Many contemporary Citroëns—including both regular hydropneumatic and Hydractive Xantiae and XMs—have an anti-sink system (SC/MAC) fitted, to keep the car from lowering when not used. The system does not interfere with the normal functioning while in use. It attempts to minimize leaks inside the system by having only one element that can leak, the anti-sink valve itself.
The introduction of this anti-sink valve coincided with the appearance 6+2 piston high pressure pump. As the suspension is fed from the smaller, two-piston side of the pump, pumping the car up from the low position would require a lot of time (although its performance is perfectly sufficient for the normal operation once the car is already running).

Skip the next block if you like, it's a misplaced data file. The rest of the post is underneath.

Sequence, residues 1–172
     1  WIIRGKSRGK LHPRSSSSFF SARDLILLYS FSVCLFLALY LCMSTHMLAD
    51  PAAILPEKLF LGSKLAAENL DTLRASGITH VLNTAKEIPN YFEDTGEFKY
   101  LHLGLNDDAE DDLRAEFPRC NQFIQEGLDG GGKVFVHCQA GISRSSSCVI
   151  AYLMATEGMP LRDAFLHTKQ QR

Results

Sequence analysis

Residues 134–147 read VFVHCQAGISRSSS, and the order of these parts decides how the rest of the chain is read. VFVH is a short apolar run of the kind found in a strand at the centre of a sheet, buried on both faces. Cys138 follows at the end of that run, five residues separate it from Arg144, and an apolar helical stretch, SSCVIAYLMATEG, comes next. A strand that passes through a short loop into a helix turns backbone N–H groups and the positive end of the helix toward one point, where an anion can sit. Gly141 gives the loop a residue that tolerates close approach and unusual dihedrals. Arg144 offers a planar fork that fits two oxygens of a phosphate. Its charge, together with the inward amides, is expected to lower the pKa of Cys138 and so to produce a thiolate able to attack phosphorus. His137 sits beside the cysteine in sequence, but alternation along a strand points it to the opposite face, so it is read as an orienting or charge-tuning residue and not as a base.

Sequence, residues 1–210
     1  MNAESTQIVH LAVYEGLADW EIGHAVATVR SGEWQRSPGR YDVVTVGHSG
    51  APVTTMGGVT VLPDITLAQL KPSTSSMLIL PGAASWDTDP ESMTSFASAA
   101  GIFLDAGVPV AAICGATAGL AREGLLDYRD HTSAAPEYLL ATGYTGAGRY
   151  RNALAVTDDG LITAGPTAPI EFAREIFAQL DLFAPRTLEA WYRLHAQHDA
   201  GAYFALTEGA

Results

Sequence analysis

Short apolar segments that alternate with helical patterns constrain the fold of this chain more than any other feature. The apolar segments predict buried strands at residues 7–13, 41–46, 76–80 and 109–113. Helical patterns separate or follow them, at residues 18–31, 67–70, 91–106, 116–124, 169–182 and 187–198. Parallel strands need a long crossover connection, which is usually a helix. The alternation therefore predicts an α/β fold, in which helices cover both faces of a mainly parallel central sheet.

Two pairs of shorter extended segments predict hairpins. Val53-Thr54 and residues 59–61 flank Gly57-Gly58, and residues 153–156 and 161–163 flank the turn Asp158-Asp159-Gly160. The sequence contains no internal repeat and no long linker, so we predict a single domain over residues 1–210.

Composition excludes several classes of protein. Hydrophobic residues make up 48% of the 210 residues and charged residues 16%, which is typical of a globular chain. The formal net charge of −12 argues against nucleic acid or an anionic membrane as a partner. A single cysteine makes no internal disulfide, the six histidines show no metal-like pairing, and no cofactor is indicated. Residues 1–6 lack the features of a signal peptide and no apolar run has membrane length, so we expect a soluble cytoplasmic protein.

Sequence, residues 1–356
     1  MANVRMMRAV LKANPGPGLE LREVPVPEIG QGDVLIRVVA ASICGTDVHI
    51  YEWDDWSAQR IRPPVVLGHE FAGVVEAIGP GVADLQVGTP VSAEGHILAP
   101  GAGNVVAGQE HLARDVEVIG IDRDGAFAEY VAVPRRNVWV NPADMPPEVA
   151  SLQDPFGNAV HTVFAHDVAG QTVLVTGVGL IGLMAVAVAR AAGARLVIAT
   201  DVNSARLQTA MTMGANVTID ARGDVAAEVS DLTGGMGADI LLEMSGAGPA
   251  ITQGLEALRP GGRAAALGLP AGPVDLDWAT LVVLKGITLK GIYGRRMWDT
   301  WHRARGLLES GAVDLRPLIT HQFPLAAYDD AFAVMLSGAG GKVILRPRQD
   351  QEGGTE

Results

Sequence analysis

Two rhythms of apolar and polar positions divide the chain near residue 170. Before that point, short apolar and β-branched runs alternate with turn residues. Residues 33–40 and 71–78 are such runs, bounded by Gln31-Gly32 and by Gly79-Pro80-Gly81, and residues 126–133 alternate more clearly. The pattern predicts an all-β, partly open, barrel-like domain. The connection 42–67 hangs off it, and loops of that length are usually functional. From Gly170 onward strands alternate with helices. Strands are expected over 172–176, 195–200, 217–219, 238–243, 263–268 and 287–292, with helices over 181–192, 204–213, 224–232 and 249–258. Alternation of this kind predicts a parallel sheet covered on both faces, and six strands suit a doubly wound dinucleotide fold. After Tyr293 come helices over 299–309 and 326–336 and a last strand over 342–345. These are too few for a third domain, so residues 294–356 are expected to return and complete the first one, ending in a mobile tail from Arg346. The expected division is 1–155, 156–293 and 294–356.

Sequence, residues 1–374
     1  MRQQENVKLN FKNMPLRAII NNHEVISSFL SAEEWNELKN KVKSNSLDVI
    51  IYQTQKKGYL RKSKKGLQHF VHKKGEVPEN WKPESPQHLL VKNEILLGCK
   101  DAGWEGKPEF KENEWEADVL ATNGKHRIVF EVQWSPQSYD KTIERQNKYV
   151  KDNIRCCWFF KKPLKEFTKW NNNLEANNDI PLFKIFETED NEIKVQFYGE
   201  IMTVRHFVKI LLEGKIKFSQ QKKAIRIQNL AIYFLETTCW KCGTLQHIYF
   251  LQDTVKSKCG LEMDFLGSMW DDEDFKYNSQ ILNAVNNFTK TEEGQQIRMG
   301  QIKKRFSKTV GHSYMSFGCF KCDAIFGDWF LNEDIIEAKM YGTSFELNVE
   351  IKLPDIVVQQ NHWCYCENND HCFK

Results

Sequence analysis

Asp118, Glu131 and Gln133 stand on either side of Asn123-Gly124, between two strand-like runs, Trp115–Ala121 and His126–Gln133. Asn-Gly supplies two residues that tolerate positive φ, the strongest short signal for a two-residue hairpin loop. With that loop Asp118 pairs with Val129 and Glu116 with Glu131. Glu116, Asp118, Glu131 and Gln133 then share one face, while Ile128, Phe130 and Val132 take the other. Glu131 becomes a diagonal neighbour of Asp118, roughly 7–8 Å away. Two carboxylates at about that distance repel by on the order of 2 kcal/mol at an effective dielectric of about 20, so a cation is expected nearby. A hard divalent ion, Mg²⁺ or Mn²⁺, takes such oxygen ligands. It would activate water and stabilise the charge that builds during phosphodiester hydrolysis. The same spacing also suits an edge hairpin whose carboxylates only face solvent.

To avoid this scenario, the anti-sink valves fitted for each axle between the height corrector system and the suspension struts (or the hydraulic control block on Hydractive systems) keeps the car body from lowering when the engine is switched off. The valves operate on the pressure differences in the system, without any electrical control: when there is significant pressure in their control circuit, they keep their work circuit constantly open.